26 May 2022

Science fiction sky

Sunday, February 27th, 2011
Sun, from Beech Hill, Rockport, Maine, 27 February 2011.


I awoke this morning to the sound of fog whistles—or fog horns, whatever you want to call them. That could mean only one thing: snow. Sure enough, an inch or two had fallen. A few light flakes still in the air. A tufted titmouse singing out there somewhere.

The trail, Beech Hill, Rockport, Maine, 27 February 2011.

The trail.

On my first trip out with dog, I heard the unmistakable calls of Bohemian waxwings. I think I must’ve spooked a small flock—did not see them anywhere. But out front, I heard them again. (Still didn’t see ’em.) By then the snow let up. A herring gull flew by. The sun tried to poke through, then withdrew. Later, I sat at my desk for a good while, with Jack napping nearby.

We got up and out a little late in afternoon. Quick trip to Beech Hill. En route, three or four mallards flew rapidly above Powerhouse Hill.

None but us up there, though a few had passed before. Jack led, I snowshoed up behind him. The sky had scraps of blue in it but was mostly a ripply mass of clouds. Still, the disk of the sun shone through in the southwest, making the sky seem like some kind of sky from another planet. I paused to take a photo or two—and heard the call of a black-capped chickadee.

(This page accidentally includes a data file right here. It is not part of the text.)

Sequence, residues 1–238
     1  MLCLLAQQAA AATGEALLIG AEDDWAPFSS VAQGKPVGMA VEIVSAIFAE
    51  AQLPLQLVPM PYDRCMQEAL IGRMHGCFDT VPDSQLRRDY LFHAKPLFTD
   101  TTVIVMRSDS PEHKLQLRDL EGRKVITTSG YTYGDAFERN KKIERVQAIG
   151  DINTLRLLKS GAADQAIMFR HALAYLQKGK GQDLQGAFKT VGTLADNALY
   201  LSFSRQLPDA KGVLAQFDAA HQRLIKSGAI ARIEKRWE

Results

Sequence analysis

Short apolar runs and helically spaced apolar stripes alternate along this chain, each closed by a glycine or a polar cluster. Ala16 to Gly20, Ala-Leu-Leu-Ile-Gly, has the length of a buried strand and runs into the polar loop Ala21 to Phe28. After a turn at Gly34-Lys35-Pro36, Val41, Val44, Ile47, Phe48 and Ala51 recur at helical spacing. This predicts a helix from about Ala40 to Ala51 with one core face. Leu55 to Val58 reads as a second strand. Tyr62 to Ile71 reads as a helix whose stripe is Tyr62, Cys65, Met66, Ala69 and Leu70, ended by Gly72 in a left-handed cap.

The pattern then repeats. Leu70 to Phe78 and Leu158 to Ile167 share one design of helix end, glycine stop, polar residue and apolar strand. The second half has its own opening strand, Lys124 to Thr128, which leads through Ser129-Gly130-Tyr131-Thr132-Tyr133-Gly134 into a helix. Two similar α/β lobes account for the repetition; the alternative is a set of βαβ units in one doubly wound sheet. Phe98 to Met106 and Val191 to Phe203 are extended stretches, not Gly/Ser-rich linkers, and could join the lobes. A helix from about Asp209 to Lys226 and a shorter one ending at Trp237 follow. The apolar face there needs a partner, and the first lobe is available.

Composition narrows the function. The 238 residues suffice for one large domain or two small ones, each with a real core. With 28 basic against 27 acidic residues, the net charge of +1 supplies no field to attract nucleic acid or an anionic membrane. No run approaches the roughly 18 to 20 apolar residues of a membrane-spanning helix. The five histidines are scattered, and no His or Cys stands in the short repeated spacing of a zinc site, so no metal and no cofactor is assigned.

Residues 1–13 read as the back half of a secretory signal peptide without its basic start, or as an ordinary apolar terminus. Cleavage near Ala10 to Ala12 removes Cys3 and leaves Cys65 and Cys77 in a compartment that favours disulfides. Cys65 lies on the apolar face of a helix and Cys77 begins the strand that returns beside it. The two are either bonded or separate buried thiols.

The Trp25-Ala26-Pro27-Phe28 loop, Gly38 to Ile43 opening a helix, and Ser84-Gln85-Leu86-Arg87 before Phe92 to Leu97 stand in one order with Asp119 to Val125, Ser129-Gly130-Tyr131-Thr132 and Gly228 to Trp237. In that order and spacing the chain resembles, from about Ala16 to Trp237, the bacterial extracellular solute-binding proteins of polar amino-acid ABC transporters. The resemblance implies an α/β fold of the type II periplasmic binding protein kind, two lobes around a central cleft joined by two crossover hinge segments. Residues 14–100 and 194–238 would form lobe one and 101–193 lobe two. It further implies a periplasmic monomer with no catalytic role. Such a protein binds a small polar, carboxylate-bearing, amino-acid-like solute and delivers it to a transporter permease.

Beech Nut, Beech Hill, Rockport, Maine, 27 February 2011.

Beech Nut.

The chickadee and a crow whose distant voice I heard near the summit were the only birds up there today. The rest was only snow, hillside, distance, sun, and science fiction sky.

Back home, I heard the resident house finches—they seem to get active late in the day.

I had an affair to attend tonight. It snowed a little more. But all in all a rather nice evening—with mallards quacking up a storm in Clam Cove.

Beech Hill List
Beginning at 3:45 p.m., I hiked the open trail.

1. Black-capped chickadee (voice)
2. American crow (voice)


3. Tufted titmouse
4. Bohemian waxwing
5. Herring gull
6. Mallard
7. House finch

Birch, Beech Hill, Rockport, Maine, 27 February 2011.


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Bird Report is a (sometimes intermittent) record of the birds I encounter while hiking, see while driving, or spy outside my window. —Brian Willson

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